Flagship projects


  1. ^ a b Chernikoff, Helen (8 November 2011). "For 'Friends' Groups, A New Normal". The Jewish Week. Retrieved 2012.
  2. ^ a b c d e Sharkansky, Ira (July-August 1984). "Mayor Teddy Kollek and the Jerusalem Foundation: Governing the Holy City". Public Administration Review. Blackwell Publishing. 44 (4): 299-304. doi:10.2307/976075. JSTOR 976075.
  3. ^ a b c d Auerbach, Gedalia; Sharkansky, Ira (2007). Politics and Planning in the Holy City. Transaction Publishers. pp. 17-18. ISBN 978-0765803818.
  4. ^ Berger, Marshall J.; Ahimeir, Ora (2002). Jerusalem: A city and its future. Syracuse University Press. p. 426. ISBN 978-0815629139. jerusalem foundation projects.
  5. ^ a b Green, David B. (2007). "Builder of Jerusalem: Teddy Kollek, 1911–2007" (PDF). The Jerusalem Foundation. Retrieved 2012.[permanent dead link]
  6. ^ a b Deitz, Paula (8 January 1995). "Making a City Green". The New York Times. Retrieved 2012.
  7. ^ a b Sharkansky, Ira (1987). The Political Economy of Israel. Transaction Publishers. p. 11. ISBN 978-0887381171.
  8. ^ a b c Lehman-Wilzig, Sam N. (1992). Wildfire: Grassroots revolts in Israel in the post-socialist era. SUNY Press. p. 42. ISBN 978-0791408711.
  9. ^ Shepherd, Naomi (1987). Teddy Kollek, Mayor of Jerusalem. Harper & Row. p. 27. ISBN 978-0060390846.
  10. ^ "History". Tel Aviv-Yafo Foundation. Archived from the original on 22 May 2012. Retrieved 2012.
  11. ^ "Organizational Structure". The Jerusalem Foundation. Archived from the original on 6 May 2012. Retrieved 2012.
  12. ^ a b "Organizational Chart" (PDF). The Jerusalem Foundation. Retrieved 2012.[permanent dead link]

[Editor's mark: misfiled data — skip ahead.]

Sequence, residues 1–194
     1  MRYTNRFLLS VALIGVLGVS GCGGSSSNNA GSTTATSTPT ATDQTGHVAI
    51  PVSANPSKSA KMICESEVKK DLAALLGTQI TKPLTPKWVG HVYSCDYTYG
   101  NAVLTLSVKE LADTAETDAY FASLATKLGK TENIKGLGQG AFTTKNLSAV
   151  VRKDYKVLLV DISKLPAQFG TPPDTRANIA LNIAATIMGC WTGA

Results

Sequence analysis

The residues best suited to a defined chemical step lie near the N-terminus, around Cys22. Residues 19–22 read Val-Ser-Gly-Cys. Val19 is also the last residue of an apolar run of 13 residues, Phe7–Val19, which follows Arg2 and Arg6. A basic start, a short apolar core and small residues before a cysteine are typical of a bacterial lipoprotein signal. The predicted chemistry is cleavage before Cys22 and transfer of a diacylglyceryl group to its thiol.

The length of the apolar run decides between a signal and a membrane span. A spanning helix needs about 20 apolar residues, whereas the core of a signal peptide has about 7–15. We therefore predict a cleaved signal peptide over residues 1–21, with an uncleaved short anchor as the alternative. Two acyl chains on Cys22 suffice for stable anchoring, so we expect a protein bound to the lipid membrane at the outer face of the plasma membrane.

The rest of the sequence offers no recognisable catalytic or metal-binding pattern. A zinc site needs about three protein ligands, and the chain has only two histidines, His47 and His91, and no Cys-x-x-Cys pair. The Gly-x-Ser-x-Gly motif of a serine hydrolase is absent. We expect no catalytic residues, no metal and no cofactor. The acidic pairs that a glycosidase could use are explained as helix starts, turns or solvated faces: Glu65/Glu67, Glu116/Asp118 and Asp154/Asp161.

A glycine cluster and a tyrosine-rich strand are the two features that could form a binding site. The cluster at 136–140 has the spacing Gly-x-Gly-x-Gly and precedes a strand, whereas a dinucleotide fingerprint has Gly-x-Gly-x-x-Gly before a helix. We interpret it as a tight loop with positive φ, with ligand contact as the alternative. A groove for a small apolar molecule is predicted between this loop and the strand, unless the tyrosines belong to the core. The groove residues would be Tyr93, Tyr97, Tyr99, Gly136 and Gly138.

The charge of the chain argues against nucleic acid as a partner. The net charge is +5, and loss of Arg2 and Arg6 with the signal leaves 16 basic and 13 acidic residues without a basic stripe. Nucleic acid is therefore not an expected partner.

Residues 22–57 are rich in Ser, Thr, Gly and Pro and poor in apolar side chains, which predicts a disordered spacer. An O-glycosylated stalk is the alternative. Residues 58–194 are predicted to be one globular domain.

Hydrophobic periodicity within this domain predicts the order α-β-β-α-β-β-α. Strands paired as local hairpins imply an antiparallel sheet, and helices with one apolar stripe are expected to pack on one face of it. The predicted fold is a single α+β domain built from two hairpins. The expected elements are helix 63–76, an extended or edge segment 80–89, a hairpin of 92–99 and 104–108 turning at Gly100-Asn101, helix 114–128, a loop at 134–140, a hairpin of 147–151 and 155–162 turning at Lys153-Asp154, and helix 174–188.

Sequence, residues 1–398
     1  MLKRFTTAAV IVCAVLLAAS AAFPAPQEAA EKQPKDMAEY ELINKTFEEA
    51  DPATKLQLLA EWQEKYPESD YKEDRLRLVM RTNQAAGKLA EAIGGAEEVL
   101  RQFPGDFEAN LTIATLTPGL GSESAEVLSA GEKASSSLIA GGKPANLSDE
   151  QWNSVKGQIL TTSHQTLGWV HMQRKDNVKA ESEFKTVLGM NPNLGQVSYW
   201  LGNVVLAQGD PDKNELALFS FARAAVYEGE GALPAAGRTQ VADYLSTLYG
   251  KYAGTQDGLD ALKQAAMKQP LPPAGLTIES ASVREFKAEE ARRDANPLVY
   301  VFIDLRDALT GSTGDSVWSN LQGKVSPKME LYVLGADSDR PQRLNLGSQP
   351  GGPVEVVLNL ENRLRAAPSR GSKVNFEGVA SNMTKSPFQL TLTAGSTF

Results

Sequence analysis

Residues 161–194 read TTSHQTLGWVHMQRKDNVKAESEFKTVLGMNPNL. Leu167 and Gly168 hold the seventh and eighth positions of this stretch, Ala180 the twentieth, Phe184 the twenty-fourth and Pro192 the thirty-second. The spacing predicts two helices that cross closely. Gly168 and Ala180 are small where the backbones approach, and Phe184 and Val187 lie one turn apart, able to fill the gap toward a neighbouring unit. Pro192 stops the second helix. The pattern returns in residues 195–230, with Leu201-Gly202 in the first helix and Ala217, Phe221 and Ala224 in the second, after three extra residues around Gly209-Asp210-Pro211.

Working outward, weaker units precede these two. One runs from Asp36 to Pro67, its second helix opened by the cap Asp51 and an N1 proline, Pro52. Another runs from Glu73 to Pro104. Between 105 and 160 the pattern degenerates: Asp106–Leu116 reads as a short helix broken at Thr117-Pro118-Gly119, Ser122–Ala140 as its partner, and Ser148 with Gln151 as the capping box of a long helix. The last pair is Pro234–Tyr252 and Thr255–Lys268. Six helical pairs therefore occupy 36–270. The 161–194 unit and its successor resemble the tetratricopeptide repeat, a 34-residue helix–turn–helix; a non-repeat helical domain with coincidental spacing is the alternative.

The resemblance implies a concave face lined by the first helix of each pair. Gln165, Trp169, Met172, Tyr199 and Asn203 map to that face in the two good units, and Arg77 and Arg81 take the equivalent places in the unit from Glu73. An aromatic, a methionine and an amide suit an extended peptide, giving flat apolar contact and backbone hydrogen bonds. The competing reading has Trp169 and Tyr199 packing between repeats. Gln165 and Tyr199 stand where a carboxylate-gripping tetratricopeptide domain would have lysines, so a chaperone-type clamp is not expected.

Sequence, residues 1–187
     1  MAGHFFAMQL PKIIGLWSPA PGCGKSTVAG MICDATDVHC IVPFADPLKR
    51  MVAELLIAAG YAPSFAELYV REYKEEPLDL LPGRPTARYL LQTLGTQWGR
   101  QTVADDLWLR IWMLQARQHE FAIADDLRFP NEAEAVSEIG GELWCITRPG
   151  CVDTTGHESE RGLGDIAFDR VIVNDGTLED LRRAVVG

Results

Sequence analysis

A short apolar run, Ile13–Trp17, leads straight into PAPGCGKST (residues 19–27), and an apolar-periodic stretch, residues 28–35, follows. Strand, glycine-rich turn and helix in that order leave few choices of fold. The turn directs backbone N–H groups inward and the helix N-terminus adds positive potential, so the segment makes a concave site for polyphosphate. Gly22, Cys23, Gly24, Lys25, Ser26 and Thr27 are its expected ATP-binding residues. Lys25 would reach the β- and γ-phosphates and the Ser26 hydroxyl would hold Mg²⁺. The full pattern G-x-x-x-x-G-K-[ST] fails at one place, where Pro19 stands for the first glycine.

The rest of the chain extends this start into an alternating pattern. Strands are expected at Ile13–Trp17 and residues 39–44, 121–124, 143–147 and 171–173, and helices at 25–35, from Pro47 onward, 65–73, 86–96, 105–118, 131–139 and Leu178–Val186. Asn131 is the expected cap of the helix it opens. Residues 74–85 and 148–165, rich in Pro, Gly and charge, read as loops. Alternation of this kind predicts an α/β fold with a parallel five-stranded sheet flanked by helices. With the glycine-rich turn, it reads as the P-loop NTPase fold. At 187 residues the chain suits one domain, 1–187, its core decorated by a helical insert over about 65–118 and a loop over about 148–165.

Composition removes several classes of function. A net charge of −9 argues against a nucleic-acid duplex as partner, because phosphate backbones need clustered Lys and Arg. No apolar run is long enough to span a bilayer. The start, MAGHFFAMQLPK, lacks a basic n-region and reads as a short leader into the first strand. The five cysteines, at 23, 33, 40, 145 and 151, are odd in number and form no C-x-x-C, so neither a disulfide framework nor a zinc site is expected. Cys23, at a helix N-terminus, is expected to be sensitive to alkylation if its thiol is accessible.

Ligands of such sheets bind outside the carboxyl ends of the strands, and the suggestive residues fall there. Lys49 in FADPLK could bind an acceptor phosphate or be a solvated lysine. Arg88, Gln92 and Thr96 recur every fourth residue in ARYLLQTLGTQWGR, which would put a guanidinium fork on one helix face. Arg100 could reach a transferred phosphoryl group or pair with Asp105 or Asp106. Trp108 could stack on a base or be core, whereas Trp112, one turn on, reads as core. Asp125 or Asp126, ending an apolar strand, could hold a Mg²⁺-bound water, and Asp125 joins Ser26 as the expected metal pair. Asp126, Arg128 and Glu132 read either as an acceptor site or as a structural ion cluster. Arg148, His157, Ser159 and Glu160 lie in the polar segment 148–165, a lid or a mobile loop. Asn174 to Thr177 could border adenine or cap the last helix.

13. ^ "NJDC: Mazal Tov to Bernard Rapoport on Receiving the Teddy Kollek Award". National Jewish Democratic Council. 29 May 2009. Archived from the original on 28 December 2010. Retrieved 2012.
  14. ^ a b c d Pfeffer, Anshel (5 January 2012). "He wants to unite Jerusalem. And you thought your job was hard". The Jewish Chronicle. Retrieved 2012.
  15. ^ Dumper, Michael (1997). The Politics of Jerusalem Since 1967. Columbia University Press. p. 47. ISBN 978-0231106405.
  16. ^ Sharkansky, Ira (1996). Governing Jerusalem: Again on the world's agenda. Wayne State University Press. p. 108. ISBN 978-0814325926. jerusalem foundation.
  17. ^ Auerbach and Sharkansky (2007), p. 19.
  18. ^ "Jerusalem Foundation 2010 Annual Report" (PDF). The Jerusalem Foundation. 30 April 2011. p. 5. Retrieved 2012.[permanent dead link]
  19. ^ a b The New Encyclopædia Britannica. 22. Encyclopaedia Britannica. 2003. p. 333. ISBN 978-0852299616.
  20. ^ Cheshin, Amir; Hutman, Bill; Melamed, Avi (2001). Separate and Unequal: The inside story of Israeli rule in East Jerusalem. Harvard University Press. p. 191. ISBN 978-0674005532.
  21. ^ Berger and Ahimeir (2002), p. 408.
  22. ^ Macintyre, Donald (18 October 2007). "Peace Studies: Children of Israel". The Independent. Archived from the original on 29 August 2008. Retrieved 2012.
  23. ^ a b c d e Rabinowitz, Gavin (22 March 2002). "'We don't need them anymore,' says Jerusalem Foundation boss as three top givers quit board". Haaretz. Retrieved 2012.
  24. ^ "Founding Bodies: The Jerusalem Foundation". Jerusalem Film Festival. 2011. Archived from the original on 5 October 2013. Retrieved 2012.
  25. ^ "The History of the Park". Jerusalem Municipality. Archived from the original on 23 April 2012. Retrieved 2012.

External links